Midway through the first quarter, junior center Hallie Thome hit the ground hard after going up for a rebound. She immediately grasped her right leg while lying on the floor and needed help as she limped back to the bench, not putting any weight on her injured leg.

The No. 24 Michigan women’s basketball team (8-2) entered its season with a dream of making the NCAA Tournament, but on Sunday afternoon against Kent State, the Wolverines had to confront the possibility of that dream evaporating into thin air.

“Anytime any of our kids go down,” said Michigan coach Kim Barnes Arico, “you get a little nervous.”

Though she returned to the game for the second quarter after receiving assistance, her team felt her absence for the five minutes she was out. Michigan struggled without Thome, scoring just two points until late in the opening quarter. The Wolverines trailed 15-5 after the first 10 minutes and seemed lost without their star center. 

But Thome’s injury turned out to be just a minor one, and after taping her ankle, she came back stronger. Throughout the second quarter, she played through the pain and had an active presence on the court, helping her team bounce back from the early deficit — the game was tied at 19 at the half.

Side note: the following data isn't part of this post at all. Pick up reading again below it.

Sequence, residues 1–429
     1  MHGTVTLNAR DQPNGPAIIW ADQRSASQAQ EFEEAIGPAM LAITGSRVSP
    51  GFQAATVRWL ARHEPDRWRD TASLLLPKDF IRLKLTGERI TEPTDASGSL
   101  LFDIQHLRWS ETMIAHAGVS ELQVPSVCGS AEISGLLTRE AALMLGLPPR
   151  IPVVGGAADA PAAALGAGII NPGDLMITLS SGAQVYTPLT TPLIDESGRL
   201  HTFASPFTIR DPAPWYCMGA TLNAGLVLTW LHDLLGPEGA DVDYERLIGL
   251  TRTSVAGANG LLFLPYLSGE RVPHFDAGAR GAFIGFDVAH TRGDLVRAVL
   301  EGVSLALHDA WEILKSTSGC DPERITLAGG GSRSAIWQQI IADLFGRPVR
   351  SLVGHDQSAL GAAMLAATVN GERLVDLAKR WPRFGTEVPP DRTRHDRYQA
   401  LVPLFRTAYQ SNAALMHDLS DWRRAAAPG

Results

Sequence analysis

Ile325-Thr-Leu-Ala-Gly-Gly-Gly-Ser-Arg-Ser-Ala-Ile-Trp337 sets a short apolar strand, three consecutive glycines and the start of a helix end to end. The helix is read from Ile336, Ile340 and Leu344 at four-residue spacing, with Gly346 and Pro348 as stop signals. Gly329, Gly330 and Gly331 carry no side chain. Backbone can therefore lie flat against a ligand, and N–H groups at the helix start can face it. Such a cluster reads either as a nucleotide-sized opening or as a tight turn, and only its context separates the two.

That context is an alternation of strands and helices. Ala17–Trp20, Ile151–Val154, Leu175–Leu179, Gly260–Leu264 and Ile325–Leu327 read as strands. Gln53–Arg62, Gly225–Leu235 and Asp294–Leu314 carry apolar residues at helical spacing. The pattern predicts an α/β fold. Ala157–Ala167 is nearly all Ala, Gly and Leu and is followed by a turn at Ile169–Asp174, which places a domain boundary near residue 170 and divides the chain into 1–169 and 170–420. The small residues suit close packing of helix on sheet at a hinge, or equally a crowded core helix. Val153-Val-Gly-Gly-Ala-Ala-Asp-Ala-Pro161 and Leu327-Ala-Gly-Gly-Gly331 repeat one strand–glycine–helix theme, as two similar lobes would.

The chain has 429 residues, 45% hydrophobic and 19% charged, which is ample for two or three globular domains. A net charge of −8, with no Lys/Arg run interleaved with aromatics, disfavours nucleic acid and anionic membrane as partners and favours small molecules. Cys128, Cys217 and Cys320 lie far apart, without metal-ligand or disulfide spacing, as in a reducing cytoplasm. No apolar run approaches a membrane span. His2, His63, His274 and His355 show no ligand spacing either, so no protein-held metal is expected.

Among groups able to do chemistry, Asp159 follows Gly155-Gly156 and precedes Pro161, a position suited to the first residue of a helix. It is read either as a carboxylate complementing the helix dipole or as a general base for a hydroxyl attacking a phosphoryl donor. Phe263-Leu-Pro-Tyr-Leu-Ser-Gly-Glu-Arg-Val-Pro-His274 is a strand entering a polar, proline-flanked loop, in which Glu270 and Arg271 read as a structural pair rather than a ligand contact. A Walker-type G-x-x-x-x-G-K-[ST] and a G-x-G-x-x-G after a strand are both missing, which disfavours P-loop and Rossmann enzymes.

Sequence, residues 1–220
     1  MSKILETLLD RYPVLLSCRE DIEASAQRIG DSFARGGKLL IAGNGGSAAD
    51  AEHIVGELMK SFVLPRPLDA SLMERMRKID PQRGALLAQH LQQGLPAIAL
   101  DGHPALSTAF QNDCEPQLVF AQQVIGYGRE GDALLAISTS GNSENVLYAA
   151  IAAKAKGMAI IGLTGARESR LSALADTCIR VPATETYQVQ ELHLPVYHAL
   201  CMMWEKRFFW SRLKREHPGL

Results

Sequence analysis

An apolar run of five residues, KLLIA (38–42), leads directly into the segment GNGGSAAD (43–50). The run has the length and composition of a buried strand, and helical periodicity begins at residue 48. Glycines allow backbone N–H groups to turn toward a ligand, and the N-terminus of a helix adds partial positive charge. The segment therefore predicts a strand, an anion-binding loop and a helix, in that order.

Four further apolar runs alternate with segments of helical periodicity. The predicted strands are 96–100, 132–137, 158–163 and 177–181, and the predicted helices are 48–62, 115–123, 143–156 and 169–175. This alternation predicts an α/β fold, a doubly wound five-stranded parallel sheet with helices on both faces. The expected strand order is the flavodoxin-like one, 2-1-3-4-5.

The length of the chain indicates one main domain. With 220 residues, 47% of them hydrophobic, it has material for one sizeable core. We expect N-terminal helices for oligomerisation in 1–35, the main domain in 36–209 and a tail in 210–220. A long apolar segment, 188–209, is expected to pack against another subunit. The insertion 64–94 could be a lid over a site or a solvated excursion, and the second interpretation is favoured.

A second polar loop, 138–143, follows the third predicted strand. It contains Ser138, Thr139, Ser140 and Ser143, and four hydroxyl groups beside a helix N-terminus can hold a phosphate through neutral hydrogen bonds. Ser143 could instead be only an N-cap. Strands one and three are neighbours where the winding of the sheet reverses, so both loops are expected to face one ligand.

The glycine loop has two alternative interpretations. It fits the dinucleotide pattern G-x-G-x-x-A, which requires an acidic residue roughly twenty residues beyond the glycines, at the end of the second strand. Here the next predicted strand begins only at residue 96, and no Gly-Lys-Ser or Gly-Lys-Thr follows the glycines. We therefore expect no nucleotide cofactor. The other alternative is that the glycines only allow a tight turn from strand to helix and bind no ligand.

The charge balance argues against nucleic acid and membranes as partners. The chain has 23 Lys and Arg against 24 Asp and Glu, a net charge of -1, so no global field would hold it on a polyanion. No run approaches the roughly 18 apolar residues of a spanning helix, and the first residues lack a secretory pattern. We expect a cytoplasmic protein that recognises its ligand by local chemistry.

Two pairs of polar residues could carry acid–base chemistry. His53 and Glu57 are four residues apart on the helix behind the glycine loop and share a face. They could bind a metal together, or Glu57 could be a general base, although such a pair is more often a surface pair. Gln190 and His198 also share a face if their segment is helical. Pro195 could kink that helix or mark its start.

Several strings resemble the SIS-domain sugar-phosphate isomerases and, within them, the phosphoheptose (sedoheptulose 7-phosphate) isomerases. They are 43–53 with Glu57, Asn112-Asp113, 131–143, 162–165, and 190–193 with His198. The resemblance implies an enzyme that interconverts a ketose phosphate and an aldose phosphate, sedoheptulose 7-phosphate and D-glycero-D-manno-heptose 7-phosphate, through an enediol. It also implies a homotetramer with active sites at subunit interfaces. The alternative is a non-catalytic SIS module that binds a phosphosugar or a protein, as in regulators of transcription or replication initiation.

“She was critical, her getting back into the game for us,” Barnes Arico said. “She didn’t look like she was hobbling. Her face was wincing in pain, so I’m sure it was throbbing, but she didn’t look like she was hobbling.”

In the second half, Thome led Michigan to an eventual 54-41 victory. She finished with 11 points, tying for the team high, and grabbed six rebounds as well. While senior guard Katelynn Flaherty struggled and scored just four points, Thome stepped up to give the team the spark it needed.

She thrived when the Wolverines lacked steadiness, and she prevented what could have been an upset.

“It was incredible,” Barnes Arico said. “In the start of the second half, we went to her right away and she really made some plays for us to get us a little bit of a lead. … She’s been banged up a little bit — she hurt her wrist in practice the other day — but she was able to get back in the game and play through that which was really impressive.”

Thome’s toughness will help Michigan down the road since she is the team’s only true center. Her height and touch around the rim have been staples of the Wolverines’ success, and will be crucial as they work toward a postseason run.

So while there may have been some panic at Crisler Center, Michigan’s tournament dreams didn’t suffer a fatal blow, all thanks to Thome.

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